A research director emeritus at France's national center for scientific research (CNRS), François Michel has been awarded the "State Founded Prize" by the Académie des Sciences in honor of his long research career at the Institute for Integrative Biology of the Cell, otherwise known as I2BC (CEA/CNRS/Université Paris-Sud). Known for his unconventional research methods, François Michel specialized in molecular genetics starting in the 1970s and indulged his passion for entomology in his spare hours.
In 1969, when François Michel arrived at France's center for molecular genetics – which morphed into I2BC in 2015 – he was given carte blanche by Piotr Slonimski, one of its founders. This unfettered approach would become his hallmark. At the end of 1981, he joined the team of Bernard Dujon, today a member of the Académie des Sciences ("Section de Biologie Moléculaire et Cellulaire, Génomique"). At this point, François Michel oriented his research work towards ribozymes, which Tom Cech had just discovered by accident in the United States. "We were looking at a new class of catalytic molecules. We already knew about enzymes, the established dogma being that all enzymes were proteins. Now we were realizing that natural ribonucleic acid (RNA) molecules could also exert catalytic effects. This cast a whole new light on the origins of life," he explained.
A new class of molecules
François Michel was studying the same class of molecules as Tom Cech – a particular type of introns, i.e. the noncoding regions of a gene transcribed into RNA then removed. Together with his colleagues Bernard Dujon and Alain Jacquier, he published an article predicting their secondary structure based on theoretical reasoning. "I was more of a theoretical, rather than experimental, investigator," he commented. "Thanks to programming, I was one of the first to analyze intron sequences in which I observed a preserved structure, but without knowing that they were catalytic." He followed through with a second article "pointing out that Cech's molecule possessed the structure that we'd just predicted." A few years later, working with Eric Westhof, now a member of the Académie des Sciences, François Michel predicted its tridimenstional structure, which crystallography would subsequently verify. In 2016, he co-published the complete crystallographic structure of a second class of catalytic introns in Science magazine with his wife Maria Costa and their research team.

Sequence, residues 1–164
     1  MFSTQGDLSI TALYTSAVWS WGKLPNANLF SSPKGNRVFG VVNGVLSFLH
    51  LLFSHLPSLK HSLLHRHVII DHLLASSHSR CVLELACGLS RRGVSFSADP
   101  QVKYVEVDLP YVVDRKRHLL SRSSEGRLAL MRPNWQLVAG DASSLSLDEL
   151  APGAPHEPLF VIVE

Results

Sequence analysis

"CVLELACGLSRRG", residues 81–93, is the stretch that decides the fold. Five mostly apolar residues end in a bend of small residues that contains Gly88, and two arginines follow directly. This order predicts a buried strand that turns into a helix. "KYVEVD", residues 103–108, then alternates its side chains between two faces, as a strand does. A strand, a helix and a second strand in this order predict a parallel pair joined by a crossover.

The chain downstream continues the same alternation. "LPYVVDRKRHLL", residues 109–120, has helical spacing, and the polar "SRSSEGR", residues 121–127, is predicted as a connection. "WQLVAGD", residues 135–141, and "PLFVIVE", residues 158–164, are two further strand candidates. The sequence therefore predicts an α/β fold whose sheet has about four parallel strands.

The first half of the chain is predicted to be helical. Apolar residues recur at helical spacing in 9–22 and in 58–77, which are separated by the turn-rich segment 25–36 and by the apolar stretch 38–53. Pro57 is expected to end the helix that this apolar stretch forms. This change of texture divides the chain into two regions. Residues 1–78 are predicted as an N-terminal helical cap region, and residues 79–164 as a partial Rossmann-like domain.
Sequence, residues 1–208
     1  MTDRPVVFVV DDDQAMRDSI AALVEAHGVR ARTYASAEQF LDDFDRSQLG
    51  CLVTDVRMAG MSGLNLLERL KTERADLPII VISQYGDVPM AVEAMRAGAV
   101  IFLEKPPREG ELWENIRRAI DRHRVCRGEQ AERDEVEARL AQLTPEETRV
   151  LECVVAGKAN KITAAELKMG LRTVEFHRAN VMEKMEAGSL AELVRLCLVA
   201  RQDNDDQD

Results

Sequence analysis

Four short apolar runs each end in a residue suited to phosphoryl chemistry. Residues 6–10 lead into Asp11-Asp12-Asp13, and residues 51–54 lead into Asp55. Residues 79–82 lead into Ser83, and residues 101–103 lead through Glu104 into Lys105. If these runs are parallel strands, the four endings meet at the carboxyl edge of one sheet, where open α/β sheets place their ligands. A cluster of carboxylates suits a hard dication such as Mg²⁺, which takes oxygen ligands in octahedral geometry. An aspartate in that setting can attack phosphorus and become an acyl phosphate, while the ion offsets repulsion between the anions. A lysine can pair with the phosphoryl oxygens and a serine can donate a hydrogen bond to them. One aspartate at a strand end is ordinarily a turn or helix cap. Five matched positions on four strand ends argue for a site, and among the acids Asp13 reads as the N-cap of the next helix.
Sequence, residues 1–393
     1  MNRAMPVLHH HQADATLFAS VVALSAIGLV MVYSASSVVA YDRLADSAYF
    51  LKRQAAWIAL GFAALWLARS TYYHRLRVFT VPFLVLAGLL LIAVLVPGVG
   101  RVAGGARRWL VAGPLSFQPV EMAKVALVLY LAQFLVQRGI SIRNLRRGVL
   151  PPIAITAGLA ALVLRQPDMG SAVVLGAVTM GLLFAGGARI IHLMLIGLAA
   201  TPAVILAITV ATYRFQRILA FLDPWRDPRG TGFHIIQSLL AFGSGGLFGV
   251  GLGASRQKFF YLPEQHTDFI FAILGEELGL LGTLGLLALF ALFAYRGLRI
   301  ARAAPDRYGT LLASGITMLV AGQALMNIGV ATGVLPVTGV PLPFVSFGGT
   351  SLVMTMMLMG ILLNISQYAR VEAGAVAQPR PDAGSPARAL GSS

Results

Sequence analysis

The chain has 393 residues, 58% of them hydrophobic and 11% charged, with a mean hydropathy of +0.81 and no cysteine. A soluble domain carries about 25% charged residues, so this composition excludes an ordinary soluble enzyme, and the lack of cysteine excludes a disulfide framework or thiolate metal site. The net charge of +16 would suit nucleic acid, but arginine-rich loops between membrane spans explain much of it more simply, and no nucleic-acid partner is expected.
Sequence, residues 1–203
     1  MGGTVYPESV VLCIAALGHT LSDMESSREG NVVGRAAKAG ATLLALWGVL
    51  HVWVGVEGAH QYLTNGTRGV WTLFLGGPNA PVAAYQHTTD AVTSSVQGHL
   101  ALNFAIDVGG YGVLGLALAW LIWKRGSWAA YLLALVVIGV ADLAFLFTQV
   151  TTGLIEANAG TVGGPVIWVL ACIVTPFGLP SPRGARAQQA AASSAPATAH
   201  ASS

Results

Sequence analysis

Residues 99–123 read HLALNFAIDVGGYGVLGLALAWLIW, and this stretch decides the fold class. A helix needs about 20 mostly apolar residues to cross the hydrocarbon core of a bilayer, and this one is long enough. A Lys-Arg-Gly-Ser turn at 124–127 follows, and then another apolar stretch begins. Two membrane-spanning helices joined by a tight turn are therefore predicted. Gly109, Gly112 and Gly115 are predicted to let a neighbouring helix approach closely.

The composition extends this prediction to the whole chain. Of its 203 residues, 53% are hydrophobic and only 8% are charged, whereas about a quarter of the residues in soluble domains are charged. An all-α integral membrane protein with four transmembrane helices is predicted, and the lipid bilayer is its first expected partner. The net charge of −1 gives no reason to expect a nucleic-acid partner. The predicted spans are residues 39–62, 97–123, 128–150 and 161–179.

The predictability of butterflies
Throughout his career, François Michel followed an unconventional modus operandi. "I'd use my intuition to try to find the correct solution to a problem, then provide experimental proof validating my findings." François Michel made several stays as a visiting research scholar at top laboratories in the United States, publishing notable articles based on his "excellent experiences" and his drive to be the first to understand. All in all, he published about eighty articles, including some that were cited more than 500 times.
However, this perfectionist – who says that humility is his best policy, coming from a family of brilliant scientists – says that, "in the final analysis, writing can sometimes be a waste of time." Today, the drive to understand, which inspired him to become a researcher in the first place, has landed him back in the lab as researcher emeritus, indulging his passion for entomology at the museum of natural history in Paris. François Michel, who has lovingly collected butterflies since childhood, is busy studying the formation of species, endeavoring to prove their regularity and predictability.
By Sophie Dotaro.
(Traduction Alice Parte).